Just so all of you know, I battled on whether or not to put up a picture of our little boy scout...then figured yeah, I want to make sure you all know just who I'm talking about!

Stay classy, fucker!

Stay Evil

Posted by John Roisland in EDITORIALS, OPINION, 25 comments
BLU-RAY REVIEW: Eaten Alive (1980)

BLU-RAY REVIEW: Eaten Alive (1980)

By Nick Durham

eaten alive

When you find a movie called Eaten Alive, there's probably two thoughts as to what kind of movie it is that pop in your head: is this a cannibal movie, or is it a fucking porno? Wait what? There is a cannibal movie called Eaten Alive? Okay, that makes sense I guess. What else is it? There's like over a hundred porno movies that have some variation of the phrase Eaten Alive in it? Okay, that makes sense too I guess. No matter what type of Eaten Alive strikes your fancy, I think you'd be better off with either the cannibal one, or any of the porno ones, than you would be with this fucking thing.

Anyway, Eaten Alive is Tobe Hooper's 1977 follow up to his landmark smash hit The Texas Chain Saw Massacre. Only instead of revolving around chainsaw-wielding inbred hillbilly cannibal maniacs, this revolves around...well, inbred hillbilly maniacs and a giant fucking crocodile. The crocodile lives next door to a run down hotel owned by the mentally deranged Judd (Neville Brand), who often supplies the croc with fresh victims of those that cross his path. We get to meet a variety of people, including a fucked up couple (William Finley and Hooper's The Texas Chain Saw Massacre lead Marilyn Burns) and a dude named Buck (a pre-A Nightmare on Elm Street Robert Englund) that likes to do stuff that begins with the letter F and ends with -uck.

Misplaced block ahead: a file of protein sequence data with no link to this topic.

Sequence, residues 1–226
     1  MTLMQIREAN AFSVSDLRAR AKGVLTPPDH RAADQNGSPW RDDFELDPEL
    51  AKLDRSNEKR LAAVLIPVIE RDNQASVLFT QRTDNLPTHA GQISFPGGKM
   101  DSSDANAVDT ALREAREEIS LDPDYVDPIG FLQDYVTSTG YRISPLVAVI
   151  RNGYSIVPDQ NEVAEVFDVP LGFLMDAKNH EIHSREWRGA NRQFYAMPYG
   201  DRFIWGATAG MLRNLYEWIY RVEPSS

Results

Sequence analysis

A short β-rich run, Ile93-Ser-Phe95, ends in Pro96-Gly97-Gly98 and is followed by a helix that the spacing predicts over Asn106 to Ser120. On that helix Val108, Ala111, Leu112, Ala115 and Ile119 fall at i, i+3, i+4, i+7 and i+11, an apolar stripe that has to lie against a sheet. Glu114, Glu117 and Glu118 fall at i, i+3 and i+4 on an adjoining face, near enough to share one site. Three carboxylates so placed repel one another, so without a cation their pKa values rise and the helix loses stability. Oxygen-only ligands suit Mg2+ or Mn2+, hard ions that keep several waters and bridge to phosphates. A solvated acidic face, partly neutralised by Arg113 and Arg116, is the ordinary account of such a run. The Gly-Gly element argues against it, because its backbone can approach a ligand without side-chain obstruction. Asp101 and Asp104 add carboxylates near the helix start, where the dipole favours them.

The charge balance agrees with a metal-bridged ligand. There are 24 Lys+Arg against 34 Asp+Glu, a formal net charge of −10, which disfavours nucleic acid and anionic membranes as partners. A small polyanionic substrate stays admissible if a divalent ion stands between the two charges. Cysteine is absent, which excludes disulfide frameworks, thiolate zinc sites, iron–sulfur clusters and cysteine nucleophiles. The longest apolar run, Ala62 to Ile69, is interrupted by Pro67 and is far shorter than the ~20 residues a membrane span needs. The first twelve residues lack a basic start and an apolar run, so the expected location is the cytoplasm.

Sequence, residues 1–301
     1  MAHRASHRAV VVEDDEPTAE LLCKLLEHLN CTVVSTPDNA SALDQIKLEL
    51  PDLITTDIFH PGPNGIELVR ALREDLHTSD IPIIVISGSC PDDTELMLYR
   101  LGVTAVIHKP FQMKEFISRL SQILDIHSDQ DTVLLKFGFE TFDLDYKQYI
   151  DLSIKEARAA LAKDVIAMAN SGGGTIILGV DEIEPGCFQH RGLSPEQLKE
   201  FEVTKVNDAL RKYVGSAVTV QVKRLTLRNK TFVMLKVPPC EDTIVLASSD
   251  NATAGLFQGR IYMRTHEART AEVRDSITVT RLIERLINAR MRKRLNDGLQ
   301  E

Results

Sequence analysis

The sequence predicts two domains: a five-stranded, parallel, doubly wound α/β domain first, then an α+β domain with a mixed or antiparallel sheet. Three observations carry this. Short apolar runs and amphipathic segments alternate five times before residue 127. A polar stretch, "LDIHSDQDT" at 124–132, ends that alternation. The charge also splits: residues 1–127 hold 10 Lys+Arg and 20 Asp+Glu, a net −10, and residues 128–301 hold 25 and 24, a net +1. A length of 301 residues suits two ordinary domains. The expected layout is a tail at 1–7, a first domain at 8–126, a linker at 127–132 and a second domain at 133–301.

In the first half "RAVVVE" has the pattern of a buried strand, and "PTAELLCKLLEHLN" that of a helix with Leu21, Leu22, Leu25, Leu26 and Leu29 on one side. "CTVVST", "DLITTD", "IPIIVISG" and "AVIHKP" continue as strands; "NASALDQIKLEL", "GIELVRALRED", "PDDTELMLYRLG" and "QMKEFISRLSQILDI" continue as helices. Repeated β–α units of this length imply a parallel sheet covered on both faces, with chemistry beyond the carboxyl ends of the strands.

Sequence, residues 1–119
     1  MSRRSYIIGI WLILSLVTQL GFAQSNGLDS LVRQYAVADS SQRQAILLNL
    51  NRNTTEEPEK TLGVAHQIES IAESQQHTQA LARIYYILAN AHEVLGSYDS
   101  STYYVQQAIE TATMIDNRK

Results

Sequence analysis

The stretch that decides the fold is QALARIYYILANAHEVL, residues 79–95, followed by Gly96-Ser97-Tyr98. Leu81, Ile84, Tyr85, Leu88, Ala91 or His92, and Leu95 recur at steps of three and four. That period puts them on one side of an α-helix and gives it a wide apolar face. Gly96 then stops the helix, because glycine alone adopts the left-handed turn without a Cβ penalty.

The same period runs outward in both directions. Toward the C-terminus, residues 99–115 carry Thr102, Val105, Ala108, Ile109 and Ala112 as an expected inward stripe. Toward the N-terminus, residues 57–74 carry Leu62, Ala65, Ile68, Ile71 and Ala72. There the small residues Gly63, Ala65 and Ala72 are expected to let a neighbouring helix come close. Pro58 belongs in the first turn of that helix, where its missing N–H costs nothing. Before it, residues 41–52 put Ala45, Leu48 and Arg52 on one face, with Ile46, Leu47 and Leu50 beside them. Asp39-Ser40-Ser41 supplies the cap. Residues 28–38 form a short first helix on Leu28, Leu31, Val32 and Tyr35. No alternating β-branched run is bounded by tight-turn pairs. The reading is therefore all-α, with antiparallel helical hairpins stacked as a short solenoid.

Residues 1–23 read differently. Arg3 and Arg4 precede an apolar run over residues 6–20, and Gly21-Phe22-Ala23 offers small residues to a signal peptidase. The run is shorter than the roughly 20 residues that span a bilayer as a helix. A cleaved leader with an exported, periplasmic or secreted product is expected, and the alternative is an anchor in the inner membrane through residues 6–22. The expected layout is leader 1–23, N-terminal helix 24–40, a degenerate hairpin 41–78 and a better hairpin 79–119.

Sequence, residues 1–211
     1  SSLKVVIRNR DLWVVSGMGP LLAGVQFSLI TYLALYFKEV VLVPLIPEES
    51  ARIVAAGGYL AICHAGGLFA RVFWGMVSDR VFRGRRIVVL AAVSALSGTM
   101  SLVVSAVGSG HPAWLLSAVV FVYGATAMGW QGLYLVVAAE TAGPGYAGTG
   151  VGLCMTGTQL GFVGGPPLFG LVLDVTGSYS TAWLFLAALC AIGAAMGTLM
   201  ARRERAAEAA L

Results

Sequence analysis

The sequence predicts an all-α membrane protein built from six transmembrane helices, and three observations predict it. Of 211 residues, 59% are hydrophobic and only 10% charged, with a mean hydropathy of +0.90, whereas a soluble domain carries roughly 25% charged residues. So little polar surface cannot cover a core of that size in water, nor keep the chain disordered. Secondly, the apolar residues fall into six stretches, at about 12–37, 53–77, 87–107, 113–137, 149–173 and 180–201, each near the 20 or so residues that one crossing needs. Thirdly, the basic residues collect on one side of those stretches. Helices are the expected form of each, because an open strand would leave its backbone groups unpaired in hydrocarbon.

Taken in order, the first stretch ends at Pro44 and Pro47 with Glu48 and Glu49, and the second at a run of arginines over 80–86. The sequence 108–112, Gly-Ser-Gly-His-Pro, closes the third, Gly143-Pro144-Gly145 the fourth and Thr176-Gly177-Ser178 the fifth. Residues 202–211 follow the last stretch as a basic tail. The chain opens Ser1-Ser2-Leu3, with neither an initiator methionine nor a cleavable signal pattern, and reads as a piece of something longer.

Okay, let's just get this out of the way: Eaten Alive is a terrible movie. I know this film has its fans, but holy fucking hell I can't stand this flick. Usually I wholeheartedly enjoy this kind of shit, but there's always been something about Eaten Alive that has rubbed me the wrong way. Whether it's the overall tone of the film to the fact that when compared to the magic Hooper made with The Texas Chain Saw Massacre, this thing just can't compare. It almost comes off as being an ill-conceived parody of monster movies and backwoods living...without any laughs. Plus, it just drags on and on and on and feels like that it is NEVER going to end.